Simply Great Soap

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Sunday, September 17, 2006

simply soap

I have started a new series, which I hope you will find interesting.


The word soap, or sope, from the Greek sapo, first occurs in the works of Pliny and Galen. Pliny informs us that the Gauls, that it was composed of tallow and ashes, and that the German soap was reckoned the best, first discovered soap.

According to Sismondi, the French historian, a soapmaker was included in the retinue of Charlemagne. At Pompeii (overwhelmed by an eruption of Vesuvius A. D. 79), a soap-boiler's shop with soap in it was discovered during some excavations made there not many years ago. (Starke's Letters from Italy.)

From these statements it is evident that the manufacture of soap is of very ancient origin; indeed, Jeremiah figuratively mentions it - "For though thou wash thee with natron, and take thee much soap, yet thine iniquity is marked before me." (Jer. 2 22.)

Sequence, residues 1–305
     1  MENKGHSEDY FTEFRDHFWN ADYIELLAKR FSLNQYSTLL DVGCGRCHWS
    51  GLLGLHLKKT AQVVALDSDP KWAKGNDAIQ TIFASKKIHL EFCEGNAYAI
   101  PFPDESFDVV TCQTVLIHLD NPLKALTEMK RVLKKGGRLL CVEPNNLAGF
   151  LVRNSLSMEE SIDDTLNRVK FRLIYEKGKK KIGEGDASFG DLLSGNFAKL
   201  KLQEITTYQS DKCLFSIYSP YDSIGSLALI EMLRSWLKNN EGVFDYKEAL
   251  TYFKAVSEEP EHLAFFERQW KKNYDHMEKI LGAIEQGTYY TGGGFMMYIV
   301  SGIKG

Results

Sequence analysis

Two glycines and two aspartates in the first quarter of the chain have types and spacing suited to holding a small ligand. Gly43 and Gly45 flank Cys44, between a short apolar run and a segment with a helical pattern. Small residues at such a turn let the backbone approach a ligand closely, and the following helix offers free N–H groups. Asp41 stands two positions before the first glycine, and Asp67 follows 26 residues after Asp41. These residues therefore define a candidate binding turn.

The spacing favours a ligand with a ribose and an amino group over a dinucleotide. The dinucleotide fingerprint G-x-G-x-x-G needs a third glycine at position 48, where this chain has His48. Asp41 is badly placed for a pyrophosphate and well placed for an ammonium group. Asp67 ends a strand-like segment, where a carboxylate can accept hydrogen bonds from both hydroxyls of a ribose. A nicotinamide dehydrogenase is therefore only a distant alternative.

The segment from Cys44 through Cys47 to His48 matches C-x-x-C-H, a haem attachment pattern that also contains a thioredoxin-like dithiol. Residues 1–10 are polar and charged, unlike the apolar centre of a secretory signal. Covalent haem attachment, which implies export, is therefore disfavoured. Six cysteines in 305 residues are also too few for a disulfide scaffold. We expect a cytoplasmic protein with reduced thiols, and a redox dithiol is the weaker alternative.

Mr. Wilson says that the earliest record of the soap trade in England is to be found in a pamphlet in the British Museum, printed in 1641, entitled "A short Account of the Soap Business."

It speaks more particularly about the duty, which was then levied for the first time, and concerning certain patents which were granted to persons, chiefly Popish recusants, for some pretended new invention of white soap, "which in truth was not so."

Sufficient is said here to prove that at that time soap-making was no inconsiderable art. It would be out of place here to enter into the details of soap-making, because perfumers do not manufacture that substance, but are merely -" remelters," to use a trade term.

The dyer purchases his dye-stuffs from the drysalters already fabricated, and these are merely modified under his hands to the various purposes he requires; so with the perfumer, he purchases the various soaps in their raw state from the soap-makers, these he mixes by remelting, scents and colors according to the article to be produced.
The primary soaps are divided into hard and soft soaps: the hard soaps contain soda as the base; those, which are soft, are prepared with potash. These are again divisible into varieties, according to the fatty matter employed in their manufacture, also according to the proportion of alkali.

The most important of these to the perfumer is what is termed curd soap, as it forms the basis of all the highly scented soaps.

This will be continued on the next posting.

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